The Tax Consequences of Losing a Home Through Foreclosure

If you lose your home through a foreclosure, there are two possible consequences you must consider: 

  • Taxable cancellation of debt income.  As stated above, cancellation of debt income is not taxable in the case of non-recourse loans.

  • A reportable gain from the disposition of the home because foreclosures are treated like sales for tax purposes.  Often some or all of the gain from the sale of a personal residence qualifies for exclusion from income.

Use the following steps to compute the income to be reported from a foreclosure:

Step 1 - Figuring Cancellation of Debt Income.  For non-recourse loans, skip this section.  You have no income from cancellation of debt.

  1. Enter the total amount of the debt immediately before the foreclosure.  ___________

  2. Enter the fair market value of the property from IRS Form 1099-C, box 7.  ___________

  3. Subtract line 2 from line 1.  If less than zero, enter zero. ___________

The amount on line 3 will generally equal the amount shown in box 2 of IRS Form 1099-C.  This amount is taxable unless you meet one of the exceptions noted above.  Enter the amount on line 3 above on line 21, Other Income, of your IRS Form 1040.

Step 2 – Figuring Gain from Foreclosure

  1. Enter the fair market value of the property foreclosed.  For non-recourse loans, enter the amount of the debt immediately prior to the foreclosure.  ________

  2. Enter your adjusted basis in the property.  Usually your purchase price plus the cost of any major improvements. ____________

  3. Subtract line 5 from line 4.  If less than zero, enter zero.   

The amount on line 3 is your gain from the foreclosure of your home.  If you have owned and used the home as your principal residence for periods totaling at least two years during the five year period ending on the date of the foreclosure, you may exclude up to $250,000 (up to $500,000 for married couples filing a joint return) from income.  If you do not qualify for this exclusion, or your gain exceeds $250,000 ($500,000 for married couples filing a joint return), report the taxable amount on Schedule D, Capital Gains and Losses of your IRS Form 1040.

Loss on Foreclosure of Home Not Deductible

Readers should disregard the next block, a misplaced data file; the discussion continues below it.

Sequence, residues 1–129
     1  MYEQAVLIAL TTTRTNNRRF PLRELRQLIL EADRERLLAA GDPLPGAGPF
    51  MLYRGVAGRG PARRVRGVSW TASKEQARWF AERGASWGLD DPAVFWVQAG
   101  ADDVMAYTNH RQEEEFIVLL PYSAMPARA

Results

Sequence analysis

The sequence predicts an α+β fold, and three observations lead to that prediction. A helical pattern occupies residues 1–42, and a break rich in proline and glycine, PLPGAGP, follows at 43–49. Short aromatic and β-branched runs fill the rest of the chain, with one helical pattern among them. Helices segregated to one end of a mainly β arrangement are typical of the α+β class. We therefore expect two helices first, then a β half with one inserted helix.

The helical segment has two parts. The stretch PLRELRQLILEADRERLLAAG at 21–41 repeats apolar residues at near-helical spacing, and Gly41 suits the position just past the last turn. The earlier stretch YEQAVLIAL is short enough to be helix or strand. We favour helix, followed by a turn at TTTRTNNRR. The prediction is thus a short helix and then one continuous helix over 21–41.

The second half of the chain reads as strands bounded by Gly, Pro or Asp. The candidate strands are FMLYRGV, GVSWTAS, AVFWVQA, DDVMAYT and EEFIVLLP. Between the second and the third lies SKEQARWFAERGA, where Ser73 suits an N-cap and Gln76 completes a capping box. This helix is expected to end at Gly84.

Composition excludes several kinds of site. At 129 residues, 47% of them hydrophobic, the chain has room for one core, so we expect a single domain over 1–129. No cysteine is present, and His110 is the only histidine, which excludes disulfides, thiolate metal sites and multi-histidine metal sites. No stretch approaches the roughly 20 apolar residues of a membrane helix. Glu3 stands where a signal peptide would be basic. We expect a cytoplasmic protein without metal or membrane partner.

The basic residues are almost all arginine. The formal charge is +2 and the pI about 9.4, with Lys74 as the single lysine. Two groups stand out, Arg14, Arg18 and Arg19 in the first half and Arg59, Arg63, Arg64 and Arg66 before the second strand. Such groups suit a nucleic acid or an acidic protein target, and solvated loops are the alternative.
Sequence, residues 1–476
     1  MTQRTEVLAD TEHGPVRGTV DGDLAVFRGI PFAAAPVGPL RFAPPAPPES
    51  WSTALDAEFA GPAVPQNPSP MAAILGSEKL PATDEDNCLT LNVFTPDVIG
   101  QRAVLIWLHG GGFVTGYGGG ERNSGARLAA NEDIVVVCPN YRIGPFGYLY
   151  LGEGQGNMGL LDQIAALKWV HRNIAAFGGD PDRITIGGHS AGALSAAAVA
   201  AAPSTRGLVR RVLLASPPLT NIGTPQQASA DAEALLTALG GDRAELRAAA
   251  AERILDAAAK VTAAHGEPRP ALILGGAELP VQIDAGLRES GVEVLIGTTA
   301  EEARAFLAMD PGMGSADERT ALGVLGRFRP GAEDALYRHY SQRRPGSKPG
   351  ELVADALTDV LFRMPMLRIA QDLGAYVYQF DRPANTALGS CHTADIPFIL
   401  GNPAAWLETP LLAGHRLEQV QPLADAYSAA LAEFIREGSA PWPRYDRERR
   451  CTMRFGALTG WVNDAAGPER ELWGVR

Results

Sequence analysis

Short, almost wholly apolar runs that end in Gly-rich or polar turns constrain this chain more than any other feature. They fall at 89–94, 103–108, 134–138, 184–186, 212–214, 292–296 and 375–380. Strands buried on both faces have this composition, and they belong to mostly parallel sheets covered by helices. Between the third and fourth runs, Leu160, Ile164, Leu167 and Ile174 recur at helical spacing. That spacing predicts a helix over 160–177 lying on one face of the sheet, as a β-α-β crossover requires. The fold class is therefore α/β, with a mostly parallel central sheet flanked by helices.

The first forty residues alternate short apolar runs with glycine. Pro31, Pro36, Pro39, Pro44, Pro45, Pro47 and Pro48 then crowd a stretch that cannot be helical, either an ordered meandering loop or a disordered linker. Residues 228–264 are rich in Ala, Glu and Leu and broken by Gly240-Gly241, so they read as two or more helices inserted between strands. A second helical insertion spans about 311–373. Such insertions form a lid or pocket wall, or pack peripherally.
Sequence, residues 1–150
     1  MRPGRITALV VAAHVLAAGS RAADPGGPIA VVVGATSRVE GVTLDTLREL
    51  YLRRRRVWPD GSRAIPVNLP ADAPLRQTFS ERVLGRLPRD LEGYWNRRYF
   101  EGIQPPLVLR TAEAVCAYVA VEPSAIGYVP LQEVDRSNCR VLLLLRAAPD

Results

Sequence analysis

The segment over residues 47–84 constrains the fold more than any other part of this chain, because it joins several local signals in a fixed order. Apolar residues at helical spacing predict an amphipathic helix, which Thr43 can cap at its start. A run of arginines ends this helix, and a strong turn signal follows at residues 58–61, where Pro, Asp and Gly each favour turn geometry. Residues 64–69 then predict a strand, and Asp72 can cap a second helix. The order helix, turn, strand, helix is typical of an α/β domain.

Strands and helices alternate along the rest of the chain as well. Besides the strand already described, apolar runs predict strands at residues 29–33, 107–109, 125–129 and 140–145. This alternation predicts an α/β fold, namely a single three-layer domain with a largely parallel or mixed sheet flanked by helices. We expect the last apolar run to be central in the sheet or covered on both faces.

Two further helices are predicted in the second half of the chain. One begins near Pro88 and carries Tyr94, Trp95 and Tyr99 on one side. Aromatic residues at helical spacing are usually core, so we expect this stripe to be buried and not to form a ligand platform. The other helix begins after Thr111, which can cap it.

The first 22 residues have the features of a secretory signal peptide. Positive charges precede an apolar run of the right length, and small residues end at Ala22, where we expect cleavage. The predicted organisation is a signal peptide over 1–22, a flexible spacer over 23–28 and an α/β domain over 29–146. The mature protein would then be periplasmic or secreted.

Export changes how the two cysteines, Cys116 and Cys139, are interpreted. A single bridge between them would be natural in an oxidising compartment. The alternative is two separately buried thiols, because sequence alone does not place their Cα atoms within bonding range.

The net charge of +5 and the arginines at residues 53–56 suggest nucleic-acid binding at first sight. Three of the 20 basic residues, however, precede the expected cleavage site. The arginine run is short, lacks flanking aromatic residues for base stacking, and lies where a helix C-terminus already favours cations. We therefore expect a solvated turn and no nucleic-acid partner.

If you lose your home through a foreclosure and it produces a loss rather than a gain or taxable income, you cannot deduct the losses on your federal income tax return.  Losses from the sale or foreclosure of personal property are not deductible.

Examples

A borrower bought a home in August 2005 and lived in it until it was lost through a foreclosure in September 2007. The original purchase price was $170,000, the home is worth $200,000 at foreclosure, and the mortgage debt canceled at foreclosure is $220,000. At the time of the foreclosure, the borrower is insolvent, with liabilities (mortgage, credit cards, car loans and other debts) totaling $250,000 and assets totaling $230,000.

The borrower figures income from the foreclosure as follows:

Use the following steps to compute the income to be reported from a foreclosure:

Step 1 - Figuring Cancellation of Debt Income For non-recourse loans, skip this section.  You have no income from cancellation of debt.

  1. Enter the total amount of the debt immediately before the foreclosure.  $220,000

  2. Enter the fair market value of the property from IRS Form 1099-C, box 7.  $200,000

  3. Subtract line 2 from line 1.  If less than zero, enter zero.  $20,000

The amount on line 3 will generally equal the amount shown in box 2 of IRS Form 1099-C.  This amount is taxable unless you meet one of the exceptions listed above.  Enter the amount on line 3 on line 21, Other Income, of your IRS Form 1040.

Step 2 – Figuring Gain from Foreclosure

  1. Enter the fair market value of the property foreclosed.  For non-recourse loans, enter the amount of the debt immediately prior to the foreclosure.  $200,000